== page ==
Paul Allen enlists machine-learning tools for monitoring wildlife and ecosystems

#artificialintelligence

Paul Allen has made a name for himself as a co-founder of Microsoft, a supporter of artificial intelligence research and a contributor to causes such as wildlife conservation -- so it only makes sense that the Seattle-area billionaire wants to use machine learning to further his philanthropic goals. His latest contribution comes through the Seattle-based Vulcan Machine Learning Center for Impact, or VMLCI. "Its mission will be to apply the tools of machine learning and AI for good," Bill Hilf, CEO of Paul Allen's Vulcan Inc., said today in a tweet. VMLCI's strategy meshes with the mission of the Allen Institute for Artificial Intelligence, whose motto is "AI for the Common Good." The center aims to forge collaborative partnerships with corporations, academic institutions and other organizations to help connect folks working on social and environmental causes with the machine-learning resources they need.


What is AI? Everything you need to know about Artificial Intelligence

ZDNet

It depends who you ask. AI might be a hot topic but you'll still need to justify those projects. Back in the 1950s, the fathers of the field Minsky and McCarthy, described artificial intelligence as any task performed by a program or a machine that, if a human carried out the same activity, we would say the human had to apply intelligence to accomplish the task. That obviously is a fairly broad definition, which is why you will sometimes see arguments over whether something is truly AI or not. AI systems will typically demonstrate at least some of the following behaviors associated with human intelligence: planning, learning, reasoning, problem solving, knowledge representation, perception, motion, and manipulation and, to a lesser extent, social intelligence and creativity. AI is ubiquitous today, used to recommend what you should buy next online, to recognise what you say to virtual assistants such as Amazon's Alexa and Apple's Siri, to recognise who and what is in a photo, to spot spam, or detect credit card fraud. At a very high level artificial intelligence can be split into two broad types: narrow AI and general AI.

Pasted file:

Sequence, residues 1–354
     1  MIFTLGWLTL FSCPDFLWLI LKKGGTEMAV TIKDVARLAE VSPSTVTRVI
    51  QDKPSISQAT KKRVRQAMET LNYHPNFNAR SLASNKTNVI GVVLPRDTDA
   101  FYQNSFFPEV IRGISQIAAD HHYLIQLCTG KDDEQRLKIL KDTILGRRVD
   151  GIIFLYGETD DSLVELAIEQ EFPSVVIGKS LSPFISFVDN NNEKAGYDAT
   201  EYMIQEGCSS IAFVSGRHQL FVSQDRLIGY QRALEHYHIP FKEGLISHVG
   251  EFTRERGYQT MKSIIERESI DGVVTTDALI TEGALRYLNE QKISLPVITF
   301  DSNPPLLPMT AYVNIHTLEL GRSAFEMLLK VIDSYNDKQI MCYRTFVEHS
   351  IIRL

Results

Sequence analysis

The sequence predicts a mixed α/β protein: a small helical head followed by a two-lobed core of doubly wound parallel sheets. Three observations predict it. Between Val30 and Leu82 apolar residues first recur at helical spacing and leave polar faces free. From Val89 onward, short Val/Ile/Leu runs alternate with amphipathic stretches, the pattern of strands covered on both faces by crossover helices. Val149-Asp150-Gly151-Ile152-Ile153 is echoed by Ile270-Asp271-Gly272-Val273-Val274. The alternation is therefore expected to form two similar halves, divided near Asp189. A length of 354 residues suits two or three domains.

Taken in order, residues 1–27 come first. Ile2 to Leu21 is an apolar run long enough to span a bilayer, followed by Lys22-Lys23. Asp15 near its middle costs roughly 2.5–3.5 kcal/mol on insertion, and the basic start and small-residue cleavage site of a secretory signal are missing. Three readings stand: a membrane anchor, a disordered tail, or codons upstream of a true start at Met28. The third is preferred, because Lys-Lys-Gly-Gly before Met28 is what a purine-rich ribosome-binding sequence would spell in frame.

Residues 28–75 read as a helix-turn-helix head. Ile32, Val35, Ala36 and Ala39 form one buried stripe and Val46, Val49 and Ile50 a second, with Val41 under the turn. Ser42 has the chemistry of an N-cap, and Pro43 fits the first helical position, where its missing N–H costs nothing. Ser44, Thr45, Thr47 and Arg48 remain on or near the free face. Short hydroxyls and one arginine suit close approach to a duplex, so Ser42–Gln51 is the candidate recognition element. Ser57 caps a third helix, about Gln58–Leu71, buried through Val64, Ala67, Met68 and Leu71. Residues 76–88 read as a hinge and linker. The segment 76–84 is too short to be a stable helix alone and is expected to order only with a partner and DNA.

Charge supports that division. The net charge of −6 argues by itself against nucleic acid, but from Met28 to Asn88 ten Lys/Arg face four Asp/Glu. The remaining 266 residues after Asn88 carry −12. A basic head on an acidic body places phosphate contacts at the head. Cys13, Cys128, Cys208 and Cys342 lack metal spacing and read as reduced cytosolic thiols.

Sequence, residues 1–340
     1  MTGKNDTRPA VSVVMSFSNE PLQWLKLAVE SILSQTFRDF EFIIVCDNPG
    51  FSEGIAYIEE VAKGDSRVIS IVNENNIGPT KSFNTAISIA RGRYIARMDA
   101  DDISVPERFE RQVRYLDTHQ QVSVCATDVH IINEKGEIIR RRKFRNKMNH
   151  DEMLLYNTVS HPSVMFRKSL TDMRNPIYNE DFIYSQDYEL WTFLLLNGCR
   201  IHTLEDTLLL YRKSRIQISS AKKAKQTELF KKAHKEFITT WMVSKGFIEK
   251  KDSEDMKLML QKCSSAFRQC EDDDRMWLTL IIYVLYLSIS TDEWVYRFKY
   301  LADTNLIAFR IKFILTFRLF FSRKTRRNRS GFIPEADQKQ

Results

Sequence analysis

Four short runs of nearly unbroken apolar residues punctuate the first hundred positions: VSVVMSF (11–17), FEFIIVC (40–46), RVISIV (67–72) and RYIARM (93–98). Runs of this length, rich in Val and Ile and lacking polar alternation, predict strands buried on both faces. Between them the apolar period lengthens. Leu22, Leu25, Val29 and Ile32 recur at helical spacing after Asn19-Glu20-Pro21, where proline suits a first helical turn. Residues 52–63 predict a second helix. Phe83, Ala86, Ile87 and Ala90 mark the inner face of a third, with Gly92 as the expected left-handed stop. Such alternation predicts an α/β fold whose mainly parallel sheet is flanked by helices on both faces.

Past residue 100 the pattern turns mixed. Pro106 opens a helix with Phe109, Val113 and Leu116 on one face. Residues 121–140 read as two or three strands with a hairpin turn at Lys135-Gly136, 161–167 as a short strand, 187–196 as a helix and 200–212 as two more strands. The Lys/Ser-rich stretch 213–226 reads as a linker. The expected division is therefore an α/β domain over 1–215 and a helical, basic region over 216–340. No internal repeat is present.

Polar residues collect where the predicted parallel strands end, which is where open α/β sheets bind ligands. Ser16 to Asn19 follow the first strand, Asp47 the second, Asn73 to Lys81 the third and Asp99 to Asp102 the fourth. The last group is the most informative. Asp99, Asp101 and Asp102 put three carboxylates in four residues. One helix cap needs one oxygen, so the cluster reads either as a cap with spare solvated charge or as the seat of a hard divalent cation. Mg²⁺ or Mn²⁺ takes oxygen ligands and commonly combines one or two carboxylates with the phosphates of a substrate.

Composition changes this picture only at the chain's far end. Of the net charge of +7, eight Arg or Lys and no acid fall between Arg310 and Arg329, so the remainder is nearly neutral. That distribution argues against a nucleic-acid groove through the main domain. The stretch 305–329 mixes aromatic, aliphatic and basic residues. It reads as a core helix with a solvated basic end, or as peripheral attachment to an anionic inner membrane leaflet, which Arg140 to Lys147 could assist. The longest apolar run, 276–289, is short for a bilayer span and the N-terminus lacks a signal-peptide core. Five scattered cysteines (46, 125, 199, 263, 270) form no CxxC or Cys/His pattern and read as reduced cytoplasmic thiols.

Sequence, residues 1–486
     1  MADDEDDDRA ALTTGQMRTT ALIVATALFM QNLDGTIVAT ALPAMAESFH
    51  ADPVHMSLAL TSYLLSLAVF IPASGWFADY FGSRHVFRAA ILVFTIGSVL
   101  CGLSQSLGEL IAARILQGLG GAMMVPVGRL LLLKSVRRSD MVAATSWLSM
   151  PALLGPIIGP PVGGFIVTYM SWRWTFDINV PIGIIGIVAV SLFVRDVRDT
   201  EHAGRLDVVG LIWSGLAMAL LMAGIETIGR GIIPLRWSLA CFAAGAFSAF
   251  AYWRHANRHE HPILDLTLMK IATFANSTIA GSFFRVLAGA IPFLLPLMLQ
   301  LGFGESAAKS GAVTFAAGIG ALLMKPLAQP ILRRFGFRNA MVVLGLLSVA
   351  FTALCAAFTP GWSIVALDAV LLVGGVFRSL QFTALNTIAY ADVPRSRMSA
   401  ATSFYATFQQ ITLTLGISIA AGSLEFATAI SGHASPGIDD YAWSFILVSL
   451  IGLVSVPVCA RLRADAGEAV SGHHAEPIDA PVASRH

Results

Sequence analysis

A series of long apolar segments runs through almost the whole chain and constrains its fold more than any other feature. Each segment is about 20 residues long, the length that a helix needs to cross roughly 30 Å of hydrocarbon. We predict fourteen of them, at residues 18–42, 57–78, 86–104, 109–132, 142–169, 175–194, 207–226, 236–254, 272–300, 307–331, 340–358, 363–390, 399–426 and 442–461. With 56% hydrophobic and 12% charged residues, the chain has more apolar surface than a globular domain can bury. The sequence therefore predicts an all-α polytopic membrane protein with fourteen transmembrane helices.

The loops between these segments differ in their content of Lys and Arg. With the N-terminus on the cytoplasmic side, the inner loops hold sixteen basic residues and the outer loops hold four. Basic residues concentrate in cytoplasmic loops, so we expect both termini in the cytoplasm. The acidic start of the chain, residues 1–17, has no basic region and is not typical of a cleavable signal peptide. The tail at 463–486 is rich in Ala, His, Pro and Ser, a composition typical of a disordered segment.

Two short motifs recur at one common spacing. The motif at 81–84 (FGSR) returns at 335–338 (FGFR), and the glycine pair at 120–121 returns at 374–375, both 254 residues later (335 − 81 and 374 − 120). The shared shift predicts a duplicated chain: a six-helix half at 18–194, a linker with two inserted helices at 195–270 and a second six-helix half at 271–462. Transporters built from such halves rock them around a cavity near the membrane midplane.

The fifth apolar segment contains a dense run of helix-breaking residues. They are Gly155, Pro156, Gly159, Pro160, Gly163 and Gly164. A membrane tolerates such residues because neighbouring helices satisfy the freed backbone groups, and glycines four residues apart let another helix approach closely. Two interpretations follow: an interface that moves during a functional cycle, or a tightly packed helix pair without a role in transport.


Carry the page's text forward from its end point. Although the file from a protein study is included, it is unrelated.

What is AI? Everything you need to know about Artificial Intelligence ZDNet

@machinelearnbot

It depends who you ask. AI might be a hot topic but you'll still need to justify those projects. Back in the 1950s, the fathers of the field Minsky and McCarthy, described artificial intelligence as any task performed by a program or a machine that, if a human carried out the same activity, we would say the human had to apply intelligence to accomplish the task. That obviously is a fairly broad definition, which is why you will sometimes see arguments over whether something is truly AI or not. AI systems will typically demonstrate at least some of the following behaviors associated with human intelligence: planning, learning, reasoning, problem solving, knowledge representation, perception, motion, and manipulation and, to a lesser extent, social intelligence and creativity. AI is ubiquitous today, used to recommend what you should buy next online, to understand what you say to virtual assistants such as Amazon's Alexa and Apple's Siri, to recognise who and what is in a photo, to spot spam, or detect credit card fraud. At a very high level artificial intelligence can be split into two broad types: narrow AI and general AI.


MIT Develops New Machine-Learning Algorithm Designed to Capture True Images of A Black Hole

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A team of researchers led by MIT's Katie Bouman have developed a new computer algorithm that could help astronomers generate the first true image of a black hole. At present, astronomers rely of imaginative minds of artists to create a clear image of a black hole. Black holes are very compact and are very far away from Earth, making it harder for astronomers to create a high-quality photo. "Taking a picture of the black hole in the center of the Milky Way galaxy is equivalent to taking an image of a grapefruit on the moon, but with a radio telescope," Bouman explained in a press release. For years, researchers have been using radio wavelengths to detect and explore distant objects due to the ability of radio frequencies to penetrate through galactic dust.


Apple Buys Machine-Learning Startup Turi

WSJ.com: WSJD - Technology

Apple Inc., AAPL 0.23 % stepping up its involvement in one of Silicon Valley's hottest arenas, is acquiring machine-learning specialist Turi Inc. Financial terms couldn't immediately be determined. GeekWire, which reported the acquisition Friday, said Apple is paying around 200 million. An Apple spokesman issued the company's standard statement in connection with such transactions: "Apple buys smaller technology companies from time to time, and we generally do not discuss our purpose or plans." Turi's chief executive is Carlos Guestrin, who holds the title of Amazon professor of machine learning at the University of Washington--a position endowed by Amazon.com He is also an associate professor of computer science and engineering.